Known for its beautiful green leaves and colorful stalks, rainbow swiss chard is a great substitute for spinach. It can be steamed or eaten raw in a salad for an extra kick of nutrition. If you love this tasty leafy green, this guide is for you! Take your rainbow swiss chard from seed to plate!
Rainbow Swiss chard is rich in anti-oxidants and chock full of phytonutrients. Research has shown that Rainbow Swiss Chard contains flavonoids that actually lower blood sugar making it one of the most nutritious vegetables you can eat! The leafy green is an excellent source of vitamins K, A, and C, as well as a good source of magnesium, potassium, iron, and dietary fiber. In fact, just one cup of chopped Swiss chard has just 35 calories and provides more than 300% of the daily value for vitamin K
Did you know Swiss chard goes by many names? The plant actually has numerous monikers, including silverbeet, Roman kale, “Bright Lights,” and strawberry spinach – but all are referring to the same plant which was discovered by a Swiss botanist. It’s still a staple and popular in Mediterranean areas. If you’ve ever considered attempting to grow Rainbow Swiss chard, why not give it try? It’s relatively easy to grow with few pests to worry about! Plus, it’s a beautiful addition to an edible landscaping or ornamental design.
Helpful Hint: Before planting, soak your Rainbow Swiss Chard seeds in warm water for 15 minutes. This will help speed up the germination process.
- Avoid planting Swiss chard in very early spring. While the plants can tolerate a mild frost, some will go to seed prematurely when exposed to prolonged freezing temperatures.
- Start planting Swiss chard seeds about 2 to 3 weeks before last expected frost. Start the seeds inside if you prefer earlier crops and an earlier harvest.
- Sow seeds ½ to 1 inch deep, 2 to 6 inches apart, in rows 18 to 24 apart.
- If possible, plant in full sun early in the season and plant in partial shade in summer when it’s warm.
- Swiss chard seeds grow the best in deep, loose, fertile soil, high in organic matter, with pH 6.0 to 7.0. Needs consistent moisture, especially as plants grow large, but also need well-drained soil.
- Like beets, chard “seeds” produce more than one plant and will, therefore, require thinning. Thin to 6 – 12-inch spacings.
- .Mulch plants to retain moisture and suppress weeds.
Leaf spot: This is a fungal pathogen also can infect spinach. Symptoms are small, light tan to brown, round to sometimes angular spots whose border is often purple to red. Leaf spot (Cercospora) can be cured with a fungicidal treatment.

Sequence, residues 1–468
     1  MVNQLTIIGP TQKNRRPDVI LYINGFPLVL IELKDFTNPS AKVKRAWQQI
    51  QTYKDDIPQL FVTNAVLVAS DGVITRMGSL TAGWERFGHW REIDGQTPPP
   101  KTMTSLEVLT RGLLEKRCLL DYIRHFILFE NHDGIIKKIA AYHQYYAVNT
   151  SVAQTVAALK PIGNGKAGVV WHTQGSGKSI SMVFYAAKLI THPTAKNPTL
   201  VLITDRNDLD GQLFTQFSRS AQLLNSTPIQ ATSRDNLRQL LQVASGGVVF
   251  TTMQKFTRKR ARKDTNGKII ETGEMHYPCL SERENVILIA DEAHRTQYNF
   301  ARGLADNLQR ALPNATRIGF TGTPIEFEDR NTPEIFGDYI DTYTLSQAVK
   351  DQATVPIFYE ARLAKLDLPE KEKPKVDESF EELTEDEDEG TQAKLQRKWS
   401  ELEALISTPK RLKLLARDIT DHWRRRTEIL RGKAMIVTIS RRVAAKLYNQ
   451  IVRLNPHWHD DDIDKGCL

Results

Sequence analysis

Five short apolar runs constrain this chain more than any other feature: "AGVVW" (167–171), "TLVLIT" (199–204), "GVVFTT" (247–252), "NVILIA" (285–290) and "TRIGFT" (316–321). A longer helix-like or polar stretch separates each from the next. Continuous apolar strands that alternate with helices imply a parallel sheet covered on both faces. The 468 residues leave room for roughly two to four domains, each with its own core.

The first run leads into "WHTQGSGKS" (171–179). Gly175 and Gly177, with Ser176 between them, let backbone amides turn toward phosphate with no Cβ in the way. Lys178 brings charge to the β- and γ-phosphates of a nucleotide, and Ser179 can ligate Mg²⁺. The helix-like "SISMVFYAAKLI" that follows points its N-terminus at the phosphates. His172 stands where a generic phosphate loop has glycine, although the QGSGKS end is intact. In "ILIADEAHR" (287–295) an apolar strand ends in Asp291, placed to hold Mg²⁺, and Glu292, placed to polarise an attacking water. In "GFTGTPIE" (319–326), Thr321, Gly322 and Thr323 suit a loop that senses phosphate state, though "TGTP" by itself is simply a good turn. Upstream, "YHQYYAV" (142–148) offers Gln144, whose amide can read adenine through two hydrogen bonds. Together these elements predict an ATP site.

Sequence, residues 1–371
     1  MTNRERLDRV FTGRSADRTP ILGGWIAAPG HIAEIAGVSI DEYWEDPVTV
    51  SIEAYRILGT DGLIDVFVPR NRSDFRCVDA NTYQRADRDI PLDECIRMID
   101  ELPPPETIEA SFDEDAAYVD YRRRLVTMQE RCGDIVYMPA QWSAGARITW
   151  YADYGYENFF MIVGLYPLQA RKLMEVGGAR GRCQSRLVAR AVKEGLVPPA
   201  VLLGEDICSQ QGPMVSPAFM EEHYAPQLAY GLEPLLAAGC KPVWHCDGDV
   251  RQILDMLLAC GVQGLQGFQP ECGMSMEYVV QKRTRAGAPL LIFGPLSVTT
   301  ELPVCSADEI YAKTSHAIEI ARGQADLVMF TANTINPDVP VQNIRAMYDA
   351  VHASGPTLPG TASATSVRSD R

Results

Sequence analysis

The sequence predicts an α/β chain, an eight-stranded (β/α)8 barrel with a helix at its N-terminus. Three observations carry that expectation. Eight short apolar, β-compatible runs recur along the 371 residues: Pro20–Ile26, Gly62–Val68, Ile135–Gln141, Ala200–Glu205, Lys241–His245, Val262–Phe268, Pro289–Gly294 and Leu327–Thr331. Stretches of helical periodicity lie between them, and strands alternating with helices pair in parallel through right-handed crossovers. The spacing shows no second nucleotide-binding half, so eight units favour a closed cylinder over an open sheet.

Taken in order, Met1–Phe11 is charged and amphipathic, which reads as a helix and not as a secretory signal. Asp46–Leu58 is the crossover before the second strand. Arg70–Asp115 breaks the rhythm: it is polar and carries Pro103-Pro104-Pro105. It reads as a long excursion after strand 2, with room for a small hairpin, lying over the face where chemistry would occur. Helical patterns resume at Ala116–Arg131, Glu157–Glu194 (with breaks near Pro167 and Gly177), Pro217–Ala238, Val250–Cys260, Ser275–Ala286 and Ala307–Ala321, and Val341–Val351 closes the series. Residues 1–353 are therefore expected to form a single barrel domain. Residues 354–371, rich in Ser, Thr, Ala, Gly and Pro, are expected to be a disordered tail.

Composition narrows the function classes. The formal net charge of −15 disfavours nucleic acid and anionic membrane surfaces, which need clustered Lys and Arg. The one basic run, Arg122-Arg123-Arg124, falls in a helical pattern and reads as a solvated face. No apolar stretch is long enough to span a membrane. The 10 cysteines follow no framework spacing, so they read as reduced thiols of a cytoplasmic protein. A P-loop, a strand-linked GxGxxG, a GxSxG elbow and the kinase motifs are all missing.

Downy mildew: Also a fungus, this appears as yellow to white patches on the upper surfaces of older leaves. On the undersides, these areas are covered with white to grayish, cotton-like fungi. The best treatment for downy mildew is prevention. Downy mildew is fairly easy to control on most plants when the foliage and fruit are kept protected by a copper spray. Begin treatments with the copper spray two weeks before disease normally appears or when weather forecasts predict a long period of wet weather. Alternatively, begin treatment when the disease first appears, and repeat at 7-10 day intervals for as long as needed.
You can begin harvesting your rainbow Swiss chard when the leaves reach a usable size. Remove a leaf or two from each plant, or cut plants an inch or two above the soil for cut-and-come-again harvest. Avoid damaging the growing point in the center of the plant at harvest. As these plants age, the older leaves tend to get tough. Cut plants back to about 3 to 5 inches tall to encourage a flush of new, tender growth.
Store bunches of rainbow Swiss chard wrapped loosely in plastic in the fridge for a day or two. For longer or better storage, separate the leaves from the stems/center ribs. Store the stems/ribs loosely wrapped in plastic. Lay the leaves on layers of paper towels, roll them up, and pop them in a plastic bag. Leaves stored this way can last up to a week.
The added bonus of growing some Swiss chard is that when sauteed correctly, kids will not only eat it but love it! If you’d like to give sauteed Rainbow Swiss Chard a try, prepare it in a cast iron pan (non-enameled) for even better iron content and absorption. Another helpful tip to get even more of the nutrients out of your greens is to prepare the chard with some good fats such as butter, ghee (clarified butter), or olive oil. This will improve vitamin and mineral absorption. Saute your well-washed chard only until it is dark green and wilted, not black. Keep in mind that the chard directly over the heat will cook faster, so moving it around during cooking will help. Try adding garlic and onions if your kids like them! This is a winning combination with the chard because the sweetness combines well with the bitterness of the chard. Top it with a little Parmesan cheese and a pinch of salt and pepper and the kids will come back for seconds!